6. List relevant skills that fit the job

These are often identified into two categories: hard and soft skills. By listing hard and soft skills that you possess, and that are relevant to the job, you are informing the recruiter how much they will benefit if you are hired for the job. Effective writing and verbal communication, critical thinking, time management, creativity, and problem-solving abilities are all highly prized soft skills in today’s workplace. By reviewing the job description, you will be able to tell which skills and qualifications are going to be prioritized by the recruiter. Take your cue from there, and choose what to put in your resume, and where to put them.

Volunteer work and activities

7. Include any extracurricular activities or volunteer work

List the course name or certificate received along with the institution where you completed it and the location of that. Mention any special training you have completed. It can be useful to mention interesting volunteer activities and hobbies that demonstrate skills relevant to the job.

8. Use keywords

During the first interview resume preparation, make sure to describe your experience using keywords from the job description you are applying to. Over 90% of large companies use the Applicant Tracking System (ATS) that scan your resume and determine if you are a fit for the role or not by looking for keywords. Look at the language used in the job description and on the company’s website to find the keywords an ATS scan for. In fact, it would be a good idea to use the actual words and phrases used in the job description to write in your resume.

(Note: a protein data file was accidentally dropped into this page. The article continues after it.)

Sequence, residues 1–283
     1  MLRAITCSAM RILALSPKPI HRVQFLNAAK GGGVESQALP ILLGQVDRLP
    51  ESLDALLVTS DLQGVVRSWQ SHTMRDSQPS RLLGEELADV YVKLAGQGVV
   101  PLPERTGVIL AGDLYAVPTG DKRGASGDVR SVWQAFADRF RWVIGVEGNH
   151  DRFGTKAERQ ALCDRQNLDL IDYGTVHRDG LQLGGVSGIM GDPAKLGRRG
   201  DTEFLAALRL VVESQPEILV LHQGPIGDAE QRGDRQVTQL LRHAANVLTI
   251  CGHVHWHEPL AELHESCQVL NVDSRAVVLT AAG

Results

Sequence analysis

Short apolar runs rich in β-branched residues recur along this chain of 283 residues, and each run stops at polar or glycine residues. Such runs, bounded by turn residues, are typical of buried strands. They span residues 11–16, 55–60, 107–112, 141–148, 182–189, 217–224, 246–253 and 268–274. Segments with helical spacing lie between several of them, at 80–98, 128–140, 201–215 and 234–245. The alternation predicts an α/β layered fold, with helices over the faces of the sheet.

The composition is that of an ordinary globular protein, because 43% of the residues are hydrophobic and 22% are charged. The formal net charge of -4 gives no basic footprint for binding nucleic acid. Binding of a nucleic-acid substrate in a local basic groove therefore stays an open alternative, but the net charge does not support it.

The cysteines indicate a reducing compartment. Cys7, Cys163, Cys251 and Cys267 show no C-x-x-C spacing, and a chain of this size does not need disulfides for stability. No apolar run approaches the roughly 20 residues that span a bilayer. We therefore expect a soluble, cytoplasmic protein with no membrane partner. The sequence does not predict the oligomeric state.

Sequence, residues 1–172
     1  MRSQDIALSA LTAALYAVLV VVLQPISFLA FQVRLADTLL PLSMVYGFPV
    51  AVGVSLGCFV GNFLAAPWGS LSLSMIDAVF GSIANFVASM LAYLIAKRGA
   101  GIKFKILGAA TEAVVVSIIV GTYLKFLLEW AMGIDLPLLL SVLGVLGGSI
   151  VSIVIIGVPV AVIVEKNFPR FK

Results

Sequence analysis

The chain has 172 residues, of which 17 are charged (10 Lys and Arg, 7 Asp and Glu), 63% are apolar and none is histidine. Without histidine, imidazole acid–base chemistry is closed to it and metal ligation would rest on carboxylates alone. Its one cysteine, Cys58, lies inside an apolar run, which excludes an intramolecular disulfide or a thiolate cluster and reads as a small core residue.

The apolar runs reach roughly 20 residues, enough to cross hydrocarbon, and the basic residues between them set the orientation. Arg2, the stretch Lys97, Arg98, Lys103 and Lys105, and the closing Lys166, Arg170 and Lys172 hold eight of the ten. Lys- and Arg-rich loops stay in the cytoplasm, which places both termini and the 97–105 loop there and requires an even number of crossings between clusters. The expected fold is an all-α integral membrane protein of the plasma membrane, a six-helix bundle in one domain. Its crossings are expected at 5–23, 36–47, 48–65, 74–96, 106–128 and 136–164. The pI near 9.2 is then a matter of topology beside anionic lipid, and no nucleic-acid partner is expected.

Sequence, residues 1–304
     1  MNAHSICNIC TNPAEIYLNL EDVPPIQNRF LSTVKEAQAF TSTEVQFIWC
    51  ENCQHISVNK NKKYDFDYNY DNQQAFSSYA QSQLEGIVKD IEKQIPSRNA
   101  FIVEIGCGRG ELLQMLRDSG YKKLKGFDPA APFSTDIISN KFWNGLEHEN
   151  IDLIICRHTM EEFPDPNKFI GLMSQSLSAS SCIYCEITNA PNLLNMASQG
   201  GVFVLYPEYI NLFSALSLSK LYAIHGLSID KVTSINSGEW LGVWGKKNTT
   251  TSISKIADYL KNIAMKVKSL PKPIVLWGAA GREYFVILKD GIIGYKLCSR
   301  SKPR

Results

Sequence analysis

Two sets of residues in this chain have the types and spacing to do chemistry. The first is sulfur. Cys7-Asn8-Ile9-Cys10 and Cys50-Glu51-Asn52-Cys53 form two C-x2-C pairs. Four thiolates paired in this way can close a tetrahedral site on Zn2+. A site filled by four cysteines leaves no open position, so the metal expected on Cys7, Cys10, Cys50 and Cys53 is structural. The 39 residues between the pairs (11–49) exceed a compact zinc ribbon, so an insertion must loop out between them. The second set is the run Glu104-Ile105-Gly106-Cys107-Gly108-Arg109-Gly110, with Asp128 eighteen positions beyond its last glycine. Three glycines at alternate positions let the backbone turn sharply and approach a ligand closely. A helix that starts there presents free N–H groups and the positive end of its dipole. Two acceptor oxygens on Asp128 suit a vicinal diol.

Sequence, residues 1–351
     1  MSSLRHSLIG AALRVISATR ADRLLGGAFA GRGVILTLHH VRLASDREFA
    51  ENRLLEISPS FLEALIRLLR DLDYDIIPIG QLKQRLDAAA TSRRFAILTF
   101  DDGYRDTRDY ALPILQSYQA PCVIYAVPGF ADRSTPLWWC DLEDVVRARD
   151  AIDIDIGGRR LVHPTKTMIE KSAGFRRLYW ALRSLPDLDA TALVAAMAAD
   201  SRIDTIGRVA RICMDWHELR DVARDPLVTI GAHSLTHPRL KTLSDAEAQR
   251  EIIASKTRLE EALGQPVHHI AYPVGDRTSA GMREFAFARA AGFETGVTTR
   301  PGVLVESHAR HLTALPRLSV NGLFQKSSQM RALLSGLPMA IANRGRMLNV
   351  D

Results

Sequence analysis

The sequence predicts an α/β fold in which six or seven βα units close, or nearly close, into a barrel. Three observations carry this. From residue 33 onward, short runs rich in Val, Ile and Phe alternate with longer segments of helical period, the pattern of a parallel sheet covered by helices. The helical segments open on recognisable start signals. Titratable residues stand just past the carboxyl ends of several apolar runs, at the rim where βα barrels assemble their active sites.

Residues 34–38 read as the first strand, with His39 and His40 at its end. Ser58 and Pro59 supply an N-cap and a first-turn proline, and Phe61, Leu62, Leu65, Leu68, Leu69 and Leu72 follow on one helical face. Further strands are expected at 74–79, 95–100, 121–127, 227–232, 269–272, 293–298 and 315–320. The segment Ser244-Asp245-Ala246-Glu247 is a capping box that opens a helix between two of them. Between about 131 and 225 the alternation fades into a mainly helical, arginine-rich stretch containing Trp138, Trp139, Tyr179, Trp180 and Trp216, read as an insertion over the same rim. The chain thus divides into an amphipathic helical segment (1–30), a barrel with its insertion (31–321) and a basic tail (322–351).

9. Proofread and save your resume the right way

Even a misplaced letter or typographical error can change the impression of a recruiter reading the resume. Double-check everything that you include in your resume. You may have someone else go over it with an objective eye. You should also prepare and update your resume in different file formats (DOC, PDF, etc.) because some companies may have preferences on what file formats you should submit your resume in.

10. Structure and organization of the resume

  • Stick to easy-to-read fonts and formats, this makes it easier for recruiters to review your resume. Use a professional font such as Times New Roman, at a size between 10 and 12, and leave 1-inch (2.5cm) margins on all sides of the resume. If you used one font style for a section heading and another style for the bullet points under the section, do that for all the section headings and section bodies.
  • Keep your resume length at 1-2 pages. If you are still in the early years of your career, limit your resume to one page.
  • Be relevant, concise and consistent in your layout and writing style. Everything from dates to abbreviations should remain consistent throughout your resume.
  • Using lines to highlight changing sections can help make your resume easier to read and pull information from. Avoid using too many breaks, but breaking the page between sections does make it clearer.

The resume’s physical appearance, and more importantly, what you say and how you say it, will affect an employer’s decision to interview you.

According to research by The Ladders, recruiters spend an average of just 6.25 seconds looking at a candidate’s resume before deciding whether that person is fit for a job. Take this resume statistic as another reason why you need to focus on creating a resume that looks as good as it sounds.